After months of work, the Revenue Study Commission opted against recommending that any specific tax exemptions be stripped off Louisiana’s books.
The commission instead filed a report with the Louisiana Legislature on Tuesday that encourages better data, more oversight, possible caps on exemptions and the purchase of economic modeling tools to get a handle on the cost of exclusions, suspensions, deductions, credits, refunds, rebates and preferential tax calculation methods.
The commission’s chairman, state Rep. Joel Robideaux, said there often is no way of knowing whether an incentive program is working.
“What the public’s going to get out of it is they’re going to get legislation filed that’s going to make the process more transparent,” he said.
Robideaux, R-Lafayette, said the public will be able to monitor the success or failure of tax breaks.
The tax breaks divert several billion dollars a year from a state budget buckling under the weight of costly expenses. Some of the incentives have been on the state’s books since the 1930s.
The Revenue Study Commission began work in July and eventually reviewed hundreds of exemptions. During the group’s work, Gov. Bobby Jindal announced that he plans to push for the elimination of the state’s personal income and corporate taxes in the upcoming legislative session.
State Sen. Robert Adley, R-Benton and a commission member, said he concluded that more information is needed once incentives are in place to allow legislators to make a judgment on whether something is being accomplished.
For example, Adley said incentives are given to companies in exchange for promises of job creation. He said the state Department of Economic Development was slow in providing the commission with job creation numbers.
“One disturbing thing is that each time we asked LED for a list of companies and how many jobs are actually there, we never got that list,” Adley said.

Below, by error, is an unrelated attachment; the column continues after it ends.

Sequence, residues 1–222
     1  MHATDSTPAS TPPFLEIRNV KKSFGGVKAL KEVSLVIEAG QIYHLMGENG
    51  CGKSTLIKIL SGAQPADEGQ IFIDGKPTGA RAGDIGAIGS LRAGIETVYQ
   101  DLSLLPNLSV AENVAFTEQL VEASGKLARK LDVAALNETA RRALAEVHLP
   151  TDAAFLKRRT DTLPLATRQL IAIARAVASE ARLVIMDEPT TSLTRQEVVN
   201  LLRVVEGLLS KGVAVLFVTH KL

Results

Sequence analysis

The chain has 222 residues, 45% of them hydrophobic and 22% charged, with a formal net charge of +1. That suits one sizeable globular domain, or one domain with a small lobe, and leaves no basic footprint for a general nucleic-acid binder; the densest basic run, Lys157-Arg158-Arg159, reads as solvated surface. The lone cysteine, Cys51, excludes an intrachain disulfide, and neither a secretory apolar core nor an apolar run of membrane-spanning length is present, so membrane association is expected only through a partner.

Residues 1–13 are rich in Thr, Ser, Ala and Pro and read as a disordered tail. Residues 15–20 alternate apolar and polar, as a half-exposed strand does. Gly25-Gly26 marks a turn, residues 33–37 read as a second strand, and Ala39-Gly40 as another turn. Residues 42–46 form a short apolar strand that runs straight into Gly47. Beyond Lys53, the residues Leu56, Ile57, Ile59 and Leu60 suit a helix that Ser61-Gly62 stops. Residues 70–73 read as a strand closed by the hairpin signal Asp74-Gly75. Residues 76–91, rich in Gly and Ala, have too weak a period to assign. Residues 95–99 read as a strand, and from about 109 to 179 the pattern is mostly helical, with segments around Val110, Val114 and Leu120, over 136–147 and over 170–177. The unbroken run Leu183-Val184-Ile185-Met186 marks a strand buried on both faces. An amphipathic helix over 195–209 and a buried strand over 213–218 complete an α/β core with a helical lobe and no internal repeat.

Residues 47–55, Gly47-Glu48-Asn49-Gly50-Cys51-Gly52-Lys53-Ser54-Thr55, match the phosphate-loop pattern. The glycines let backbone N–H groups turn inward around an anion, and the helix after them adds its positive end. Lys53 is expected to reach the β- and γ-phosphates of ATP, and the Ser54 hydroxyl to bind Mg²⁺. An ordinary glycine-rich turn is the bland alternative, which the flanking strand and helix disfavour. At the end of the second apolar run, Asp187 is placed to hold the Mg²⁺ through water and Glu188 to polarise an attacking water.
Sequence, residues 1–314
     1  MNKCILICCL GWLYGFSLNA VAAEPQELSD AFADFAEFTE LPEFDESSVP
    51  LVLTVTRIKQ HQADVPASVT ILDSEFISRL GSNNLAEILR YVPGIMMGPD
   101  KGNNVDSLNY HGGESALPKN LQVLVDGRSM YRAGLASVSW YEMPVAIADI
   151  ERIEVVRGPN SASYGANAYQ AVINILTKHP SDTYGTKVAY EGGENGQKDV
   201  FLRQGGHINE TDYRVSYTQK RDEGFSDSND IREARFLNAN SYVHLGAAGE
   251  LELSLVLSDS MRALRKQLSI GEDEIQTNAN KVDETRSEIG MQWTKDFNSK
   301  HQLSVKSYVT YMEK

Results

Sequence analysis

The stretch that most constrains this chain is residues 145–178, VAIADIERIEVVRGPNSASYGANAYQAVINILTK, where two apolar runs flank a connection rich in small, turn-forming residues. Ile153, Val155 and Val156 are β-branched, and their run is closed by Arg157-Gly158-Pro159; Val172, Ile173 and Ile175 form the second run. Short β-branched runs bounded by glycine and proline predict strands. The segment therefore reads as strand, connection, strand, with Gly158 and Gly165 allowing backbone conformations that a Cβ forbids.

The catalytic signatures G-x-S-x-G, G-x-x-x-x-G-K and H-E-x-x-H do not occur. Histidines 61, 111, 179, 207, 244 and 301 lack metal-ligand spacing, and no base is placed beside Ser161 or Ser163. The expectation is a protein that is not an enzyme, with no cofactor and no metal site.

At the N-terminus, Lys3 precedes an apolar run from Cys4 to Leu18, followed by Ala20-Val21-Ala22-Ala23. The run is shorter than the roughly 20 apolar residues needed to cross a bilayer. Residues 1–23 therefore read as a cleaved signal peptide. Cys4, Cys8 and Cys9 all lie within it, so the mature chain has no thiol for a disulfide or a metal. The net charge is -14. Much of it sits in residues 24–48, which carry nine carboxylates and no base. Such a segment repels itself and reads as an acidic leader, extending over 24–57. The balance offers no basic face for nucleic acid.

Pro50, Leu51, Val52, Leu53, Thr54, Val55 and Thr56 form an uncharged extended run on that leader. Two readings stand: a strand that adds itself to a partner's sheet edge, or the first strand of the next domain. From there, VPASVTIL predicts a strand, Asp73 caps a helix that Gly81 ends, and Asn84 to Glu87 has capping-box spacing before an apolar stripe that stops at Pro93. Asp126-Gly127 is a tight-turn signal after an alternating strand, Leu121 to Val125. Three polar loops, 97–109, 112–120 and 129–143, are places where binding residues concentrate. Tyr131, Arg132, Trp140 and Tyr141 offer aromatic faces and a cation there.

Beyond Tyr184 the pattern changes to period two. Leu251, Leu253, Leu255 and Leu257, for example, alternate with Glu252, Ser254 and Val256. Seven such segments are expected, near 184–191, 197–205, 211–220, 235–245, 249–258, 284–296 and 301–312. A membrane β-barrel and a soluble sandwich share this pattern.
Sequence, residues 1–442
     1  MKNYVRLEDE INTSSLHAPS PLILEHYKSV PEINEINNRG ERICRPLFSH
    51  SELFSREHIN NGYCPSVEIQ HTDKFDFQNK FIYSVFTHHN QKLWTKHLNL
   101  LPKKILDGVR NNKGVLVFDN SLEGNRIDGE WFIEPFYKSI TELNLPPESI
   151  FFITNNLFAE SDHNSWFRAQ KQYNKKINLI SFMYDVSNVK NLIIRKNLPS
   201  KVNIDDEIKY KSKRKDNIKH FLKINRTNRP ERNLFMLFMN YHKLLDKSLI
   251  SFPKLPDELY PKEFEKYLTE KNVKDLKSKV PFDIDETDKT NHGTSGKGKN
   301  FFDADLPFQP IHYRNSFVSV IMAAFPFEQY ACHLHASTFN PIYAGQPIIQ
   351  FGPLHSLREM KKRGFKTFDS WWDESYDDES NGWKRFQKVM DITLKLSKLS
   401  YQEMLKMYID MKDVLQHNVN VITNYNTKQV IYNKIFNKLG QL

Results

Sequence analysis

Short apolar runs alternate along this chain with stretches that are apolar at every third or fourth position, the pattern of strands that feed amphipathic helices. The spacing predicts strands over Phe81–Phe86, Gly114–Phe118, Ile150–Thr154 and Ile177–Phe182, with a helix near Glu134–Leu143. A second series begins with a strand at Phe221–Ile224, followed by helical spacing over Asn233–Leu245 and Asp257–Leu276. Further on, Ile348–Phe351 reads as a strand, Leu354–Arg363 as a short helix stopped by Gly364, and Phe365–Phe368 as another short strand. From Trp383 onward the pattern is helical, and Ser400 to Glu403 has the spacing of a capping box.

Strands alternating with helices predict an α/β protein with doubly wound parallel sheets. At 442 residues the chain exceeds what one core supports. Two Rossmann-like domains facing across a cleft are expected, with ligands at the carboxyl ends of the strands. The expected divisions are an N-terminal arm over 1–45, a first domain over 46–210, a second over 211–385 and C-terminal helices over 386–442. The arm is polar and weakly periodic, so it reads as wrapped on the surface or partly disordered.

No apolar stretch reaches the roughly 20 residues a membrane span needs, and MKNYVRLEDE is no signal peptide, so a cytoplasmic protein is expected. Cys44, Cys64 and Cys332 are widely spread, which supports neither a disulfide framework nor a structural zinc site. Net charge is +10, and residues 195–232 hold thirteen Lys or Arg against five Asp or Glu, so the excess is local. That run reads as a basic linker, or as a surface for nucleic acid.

The Revenue Study Commission noted in its report that it never received requested information on tax expenditures administered by the economic development department, which oversees such incentives as the Quality Jobs Program.
State Economic Development Secretary Stephen Moret said his agency provided written or oral testimony on all of the exemptions on the commission’s agenda as well as a detailed primer on major LED-managed exemptions programs.
“We did receive a variety of detailed information requests from the RSC, and we have been preparing responses to those that are nearly complete. Unfortunately, we were not aware that the RSC was about to publish its final report. Nevertheless, we will be providing responses to their outstanding requests in the near future,” Moret said.
State Sen. Dan Claitor, a commission member, said legislators should now be able to make individual decisions on whether to file bills repealing certain exemptions.
“We accomplished quite a bit as far as educating various legislators and the public,” said Claitor, R-Baton Rouge.
Claitor said some exemptions need to be tightened up or disappear. He cited problems with a solar energy tax credit that applies to 50 percent of the first $25,000 in purchase or installation expenses. The state Department of Revenue estimates the credit will reduce state government revenue by more than $13 million in the current fiscal year that ends June 30.
Critics of the credit complained that out-of-state contractors can install systems through a lease and receive the incentive.
“That’s a good example of an abuse,” Claitor said. “The legislative intent has been distorted and abused such that the word system doesn’t have the definition I would expect it to have.”
The Public Affairs Research Council, a Baton Rouge-based public policy research organization, said the commission raised awareness and knowledge.